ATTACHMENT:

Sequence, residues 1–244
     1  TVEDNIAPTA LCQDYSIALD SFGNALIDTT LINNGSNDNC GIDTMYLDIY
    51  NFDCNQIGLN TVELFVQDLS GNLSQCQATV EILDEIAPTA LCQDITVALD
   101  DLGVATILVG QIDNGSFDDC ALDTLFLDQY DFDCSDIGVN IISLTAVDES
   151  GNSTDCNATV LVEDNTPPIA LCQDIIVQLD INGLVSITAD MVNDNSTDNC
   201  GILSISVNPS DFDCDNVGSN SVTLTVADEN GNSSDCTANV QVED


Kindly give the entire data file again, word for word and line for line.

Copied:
Sequence, residues 1–244
     1  TVEDNIAPTA LCQDYSIALD SFGNALIDTT LINNGSNDNC GIDTMYLDIY
    51  NFDCNQIGLN TVELFVQDLS GNLSQCQATV EILDEIAPTA LCQDITVALD
   101  DLGVATILVG QIDNGSFDDC ALDTLFLDQY DFDCSDIGVN IISLTAVDES
   151  GNSTDCNATV LVEDNTPPIA LCQDIIVQLD INGLVSITAD MVNDNSTDNC
   201  GILSISVNPS DFDCDNVGSN SVTLTVADEN GNSSDCTANV QVED